Application of clinical databases to contemporary cardiac surgery practice: where are we now?

Akshat Saxena*, Andrew E. Newcomb, Vikrant Dhurandhar, Paul G. Bannon

*Corresponding author for this work

Research output: Contribution to journalReview articlepeer-review

8 Citations (Scopus)


Cardiac surgery has embraced and encouraged the use of large, multi-institutional datasets in clinical practice. From a research perspective, database studies have facilitated an increased understanding of cardiac surgery. Among other uses, they have allowed an investigation of disease incidence and mortality, high risk groups, disparities in health care delivery and the impact of new devices and techniques. Databases are also important tools for clinical governance and quality improvement. Despite their obvious utility, clinical databases have limitations; they are subject to treatment bias, contain missing data and cannot establish causality. Moreover, the ongoing maintenance of the database requires significant human and financial resources. In the future, inclusion of more detailed follow-up data and integration with other datasets will improve the utility of clinical databases.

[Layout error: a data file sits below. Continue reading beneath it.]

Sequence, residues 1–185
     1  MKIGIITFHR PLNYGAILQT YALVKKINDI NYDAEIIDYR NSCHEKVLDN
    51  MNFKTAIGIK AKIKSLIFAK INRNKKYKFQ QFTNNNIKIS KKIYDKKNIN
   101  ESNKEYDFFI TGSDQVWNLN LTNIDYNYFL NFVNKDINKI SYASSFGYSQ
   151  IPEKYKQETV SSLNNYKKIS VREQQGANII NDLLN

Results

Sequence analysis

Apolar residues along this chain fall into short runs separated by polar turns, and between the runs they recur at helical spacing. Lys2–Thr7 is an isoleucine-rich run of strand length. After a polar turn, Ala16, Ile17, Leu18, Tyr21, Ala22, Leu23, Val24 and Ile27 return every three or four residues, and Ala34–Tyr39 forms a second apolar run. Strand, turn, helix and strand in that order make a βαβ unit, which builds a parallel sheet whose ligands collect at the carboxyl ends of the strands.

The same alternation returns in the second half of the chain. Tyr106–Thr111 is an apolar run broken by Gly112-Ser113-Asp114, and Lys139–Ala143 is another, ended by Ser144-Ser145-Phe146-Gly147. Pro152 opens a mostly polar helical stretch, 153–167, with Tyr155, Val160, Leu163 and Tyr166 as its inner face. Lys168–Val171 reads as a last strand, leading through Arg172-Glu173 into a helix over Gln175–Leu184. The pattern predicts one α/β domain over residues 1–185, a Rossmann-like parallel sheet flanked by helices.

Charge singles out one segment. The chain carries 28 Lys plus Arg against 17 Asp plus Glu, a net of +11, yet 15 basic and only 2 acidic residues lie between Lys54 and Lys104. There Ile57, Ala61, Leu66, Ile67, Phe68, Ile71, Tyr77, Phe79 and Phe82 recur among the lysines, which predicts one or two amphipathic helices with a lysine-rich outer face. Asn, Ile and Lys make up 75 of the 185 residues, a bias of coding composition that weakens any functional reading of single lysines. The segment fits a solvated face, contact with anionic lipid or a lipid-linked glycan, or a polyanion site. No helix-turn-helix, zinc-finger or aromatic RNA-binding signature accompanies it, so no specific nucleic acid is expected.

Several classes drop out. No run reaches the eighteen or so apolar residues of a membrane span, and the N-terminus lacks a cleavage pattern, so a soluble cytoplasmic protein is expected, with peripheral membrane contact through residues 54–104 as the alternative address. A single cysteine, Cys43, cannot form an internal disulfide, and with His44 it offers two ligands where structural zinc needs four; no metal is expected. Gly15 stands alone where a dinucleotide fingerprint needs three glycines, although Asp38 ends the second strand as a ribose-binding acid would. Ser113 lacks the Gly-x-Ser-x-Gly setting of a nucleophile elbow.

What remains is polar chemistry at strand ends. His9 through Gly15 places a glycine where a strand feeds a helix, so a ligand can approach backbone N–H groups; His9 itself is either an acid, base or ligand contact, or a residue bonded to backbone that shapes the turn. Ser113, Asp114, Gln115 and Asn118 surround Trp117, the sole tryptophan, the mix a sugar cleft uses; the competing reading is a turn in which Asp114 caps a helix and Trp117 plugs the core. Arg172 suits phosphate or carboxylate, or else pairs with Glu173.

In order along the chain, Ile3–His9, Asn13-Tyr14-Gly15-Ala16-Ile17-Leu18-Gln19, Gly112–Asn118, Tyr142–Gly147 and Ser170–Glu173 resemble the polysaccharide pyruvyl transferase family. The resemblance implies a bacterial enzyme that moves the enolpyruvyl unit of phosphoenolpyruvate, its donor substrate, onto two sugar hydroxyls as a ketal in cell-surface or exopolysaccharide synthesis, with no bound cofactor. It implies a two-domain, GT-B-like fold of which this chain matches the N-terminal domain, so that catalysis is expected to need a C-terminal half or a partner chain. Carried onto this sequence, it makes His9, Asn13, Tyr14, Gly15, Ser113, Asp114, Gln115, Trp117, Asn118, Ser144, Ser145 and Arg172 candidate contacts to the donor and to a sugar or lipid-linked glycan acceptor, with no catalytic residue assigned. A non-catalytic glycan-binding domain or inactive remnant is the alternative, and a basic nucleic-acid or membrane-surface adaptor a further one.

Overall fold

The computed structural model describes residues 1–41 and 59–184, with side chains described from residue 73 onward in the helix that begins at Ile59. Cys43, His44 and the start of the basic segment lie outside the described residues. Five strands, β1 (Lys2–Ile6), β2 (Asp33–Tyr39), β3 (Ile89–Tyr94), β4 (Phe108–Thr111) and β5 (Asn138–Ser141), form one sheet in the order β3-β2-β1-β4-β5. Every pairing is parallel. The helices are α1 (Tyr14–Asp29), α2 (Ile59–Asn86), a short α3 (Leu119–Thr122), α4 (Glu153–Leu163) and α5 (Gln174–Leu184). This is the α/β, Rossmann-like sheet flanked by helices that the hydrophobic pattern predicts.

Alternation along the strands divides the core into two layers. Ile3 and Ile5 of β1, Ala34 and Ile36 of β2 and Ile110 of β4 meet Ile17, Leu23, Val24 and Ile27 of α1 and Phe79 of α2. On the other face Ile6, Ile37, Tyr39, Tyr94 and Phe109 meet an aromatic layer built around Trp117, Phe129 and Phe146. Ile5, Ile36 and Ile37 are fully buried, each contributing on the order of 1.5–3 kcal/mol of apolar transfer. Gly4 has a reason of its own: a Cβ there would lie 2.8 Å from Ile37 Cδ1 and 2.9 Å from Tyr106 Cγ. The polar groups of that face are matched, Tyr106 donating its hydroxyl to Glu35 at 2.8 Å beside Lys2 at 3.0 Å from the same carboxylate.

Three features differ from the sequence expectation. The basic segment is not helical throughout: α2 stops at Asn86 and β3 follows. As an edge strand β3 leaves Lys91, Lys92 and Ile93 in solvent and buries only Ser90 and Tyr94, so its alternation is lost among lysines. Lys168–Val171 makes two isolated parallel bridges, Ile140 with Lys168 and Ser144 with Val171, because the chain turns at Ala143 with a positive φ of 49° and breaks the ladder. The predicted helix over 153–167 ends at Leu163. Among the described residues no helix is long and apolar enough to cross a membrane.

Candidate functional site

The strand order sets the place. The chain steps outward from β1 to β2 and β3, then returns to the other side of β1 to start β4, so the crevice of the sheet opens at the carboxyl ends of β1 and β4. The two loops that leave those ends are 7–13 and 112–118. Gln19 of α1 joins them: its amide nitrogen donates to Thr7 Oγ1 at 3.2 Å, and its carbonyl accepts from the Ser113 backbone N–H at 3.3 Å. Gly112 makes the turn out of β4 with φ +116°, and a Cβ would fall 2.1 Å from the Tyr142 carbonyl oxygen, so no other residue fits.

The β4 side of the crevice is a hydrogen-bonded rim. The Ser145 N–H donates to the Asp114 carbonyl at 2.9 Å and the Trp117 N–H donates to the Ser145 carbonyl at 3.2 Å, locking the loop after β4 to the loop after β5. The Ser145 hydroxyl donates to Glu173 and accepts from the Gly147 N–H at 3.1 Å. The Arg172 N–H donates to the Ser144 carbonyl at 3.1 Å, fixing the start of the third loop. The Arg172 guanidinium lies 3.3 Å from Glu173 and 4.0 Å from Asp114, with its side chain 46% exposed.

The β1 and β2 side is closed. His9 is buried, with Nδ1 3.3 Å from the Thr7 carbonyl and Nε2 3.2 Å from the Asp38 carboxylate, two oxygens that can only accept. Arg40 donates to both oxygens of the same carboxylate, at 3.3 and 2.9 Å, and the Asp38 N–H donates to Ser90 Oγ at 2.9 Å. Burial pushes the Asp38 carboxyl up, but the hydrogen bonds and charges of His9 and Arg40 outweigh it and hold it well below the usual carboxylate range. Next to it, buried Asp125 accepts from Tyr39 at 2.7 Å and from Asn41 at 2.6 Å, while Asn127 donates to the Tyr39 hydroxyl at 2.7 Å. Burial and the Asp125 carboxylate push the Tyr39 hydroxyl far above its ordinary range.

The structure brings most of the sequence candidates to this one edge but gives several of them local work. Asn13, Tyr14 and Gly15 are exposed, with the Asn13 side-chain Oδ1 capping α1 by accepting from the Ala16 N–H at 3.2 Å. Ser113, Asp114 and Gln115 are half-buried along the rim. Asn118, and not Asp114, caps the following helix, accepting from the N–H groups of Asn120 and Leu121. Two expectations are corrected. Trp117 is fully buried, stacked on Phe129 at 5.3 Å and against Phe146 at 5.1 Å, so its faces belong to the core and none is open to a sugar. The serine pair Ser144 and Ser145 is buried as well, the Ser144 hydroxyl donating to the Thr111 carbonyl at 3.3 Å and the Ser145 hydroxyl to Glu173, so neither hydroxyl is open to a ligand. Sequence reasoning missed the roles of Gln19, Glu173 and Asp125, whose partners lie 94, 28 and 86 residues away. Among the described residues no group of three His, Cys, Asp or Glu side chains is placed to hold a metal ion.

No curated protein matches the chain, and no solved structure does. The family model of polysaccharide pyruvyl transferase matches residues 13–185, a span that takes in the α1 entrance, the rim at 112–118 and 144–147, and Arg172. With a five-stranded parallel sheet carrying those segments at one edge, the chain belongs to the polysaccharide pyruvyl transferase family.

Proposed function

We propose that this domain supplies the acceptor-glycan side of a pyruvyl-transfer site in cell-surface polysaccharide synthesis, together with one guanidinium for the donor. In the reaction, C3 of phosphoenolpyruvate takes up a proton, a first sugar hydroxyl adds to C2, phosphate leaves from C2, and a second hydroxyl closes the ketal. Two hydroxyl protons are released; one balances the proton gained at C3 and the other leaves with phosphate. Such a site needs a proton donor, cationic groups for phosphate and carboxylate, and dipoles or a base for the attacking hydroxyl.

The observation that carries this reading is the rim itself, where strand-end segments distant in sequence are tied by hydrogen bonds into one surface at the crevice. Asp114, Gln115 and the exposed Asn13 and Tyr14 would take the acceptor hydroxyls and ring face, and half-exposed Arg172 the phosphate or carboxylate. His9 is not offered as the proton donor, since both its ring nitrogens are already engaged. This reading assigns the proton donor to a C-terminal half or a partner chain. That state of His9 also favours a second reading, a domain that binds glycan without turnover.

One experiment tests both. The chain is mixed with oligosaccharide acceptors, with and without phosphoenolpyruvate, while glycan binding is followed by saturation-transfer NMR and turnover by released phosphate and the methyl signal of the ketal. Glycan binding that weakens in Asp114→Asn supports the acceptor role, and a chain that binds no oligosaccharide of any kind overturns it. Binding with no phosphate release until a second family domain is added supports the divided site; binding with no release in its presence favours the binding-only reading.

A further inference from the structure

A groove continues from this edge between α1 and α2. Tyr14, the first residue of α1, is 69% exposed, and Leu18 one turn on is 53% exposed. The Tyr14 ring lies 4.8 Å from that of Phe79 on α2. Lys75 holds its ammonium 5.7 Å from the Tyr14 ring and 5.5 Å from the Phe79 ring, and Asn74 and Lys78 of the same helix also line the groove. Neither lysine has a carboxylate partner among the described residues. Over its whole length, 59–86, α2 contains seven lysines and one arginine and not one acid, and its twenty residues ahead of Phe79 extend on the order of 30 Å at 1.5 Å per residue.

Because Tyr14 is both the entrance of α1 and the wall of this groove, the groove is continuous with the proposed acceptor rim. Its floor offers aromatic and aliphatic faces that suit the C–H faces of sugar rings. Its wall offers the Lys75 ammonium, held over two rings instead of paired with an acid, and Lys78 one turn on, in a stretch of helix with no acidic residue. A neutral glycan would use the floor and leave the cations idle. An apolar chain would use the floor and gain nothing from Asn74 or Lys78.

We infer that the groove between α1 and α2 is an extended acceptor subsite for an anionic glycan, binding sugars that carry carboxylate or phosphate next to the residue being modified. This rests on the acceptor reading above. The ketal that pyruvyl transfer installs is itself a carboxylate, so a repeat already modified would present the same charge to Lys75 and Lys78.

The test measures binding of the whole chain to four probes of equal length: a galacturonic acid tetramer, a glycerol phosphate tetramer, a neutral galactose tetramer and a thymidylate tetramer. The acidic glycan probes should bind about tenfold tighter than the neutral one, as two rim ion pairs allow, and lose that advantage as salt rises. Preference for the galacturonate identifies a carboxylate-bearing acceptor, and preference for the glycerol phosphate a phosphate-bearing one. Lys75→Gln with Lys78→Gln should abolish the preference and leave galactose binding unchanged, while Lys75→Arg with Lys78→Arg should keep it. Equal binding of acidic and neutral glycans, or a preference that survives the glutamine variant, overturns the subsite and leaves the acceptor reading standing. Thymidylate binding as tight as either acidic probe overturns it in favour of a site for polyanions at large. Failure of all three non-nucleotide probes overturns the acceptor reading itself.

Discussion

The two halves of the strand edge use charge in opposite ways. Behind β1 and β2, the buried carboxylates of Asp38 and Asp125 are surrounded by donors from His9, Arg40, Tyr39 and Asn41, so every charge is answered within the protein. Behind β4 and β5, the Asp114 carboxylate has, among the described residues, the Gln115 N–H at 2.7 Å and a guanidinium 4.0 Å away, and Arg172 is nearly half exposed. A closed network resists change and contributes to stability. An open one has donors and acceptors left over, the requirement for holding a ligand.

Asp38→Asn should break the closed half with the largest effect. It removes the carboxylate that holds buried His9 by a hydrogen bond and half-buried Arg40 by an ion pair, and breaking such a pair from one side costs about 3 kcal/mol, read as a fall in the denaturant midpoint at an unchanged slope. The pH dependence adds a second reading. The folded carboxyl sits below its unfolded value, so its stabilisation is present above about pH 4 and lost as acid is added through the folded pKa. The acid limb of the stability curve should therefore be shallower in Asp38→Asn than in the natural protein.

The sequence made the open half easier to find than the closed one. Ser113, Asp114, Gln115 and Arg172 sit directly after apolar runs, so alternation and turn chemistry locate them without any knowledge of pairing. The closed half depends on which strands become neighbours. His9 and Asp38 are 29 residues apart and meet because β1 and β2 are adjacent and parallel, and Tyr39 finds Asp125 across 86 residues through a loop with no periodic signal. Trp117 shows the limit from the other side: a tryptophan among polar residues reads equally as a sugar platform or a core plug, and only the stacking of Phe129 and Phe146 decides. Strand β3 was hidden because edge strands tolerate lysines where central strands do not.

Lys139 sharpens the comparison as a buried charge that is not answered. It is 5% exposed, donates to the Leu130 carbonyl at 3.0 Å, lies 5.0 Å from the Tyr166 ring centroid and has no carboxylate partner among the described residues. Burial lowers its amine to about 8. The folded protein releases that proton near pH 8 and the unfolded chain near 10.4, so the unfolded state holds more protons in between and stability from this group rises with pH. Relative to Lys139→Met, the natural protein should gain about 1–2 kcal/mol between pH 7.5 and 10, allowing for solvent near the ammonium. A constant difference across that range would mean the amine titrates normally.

Original languageEnglish
Pages (from-to)237-242
Number of pages6
JournalHeart, Lung and Circulation
Issue number3
Publication statusPublished - 1 Mar 2016
Externally publishedYes


  • Australia and new zealand society of cardiac and thoracic surgeons (ANZSCTS)
  • Cardiac surgery
  • Database
  • Observational studies
  • Society for cardiothoracic surgery (SCTS)
  • Society of thoracic surgery (STS)


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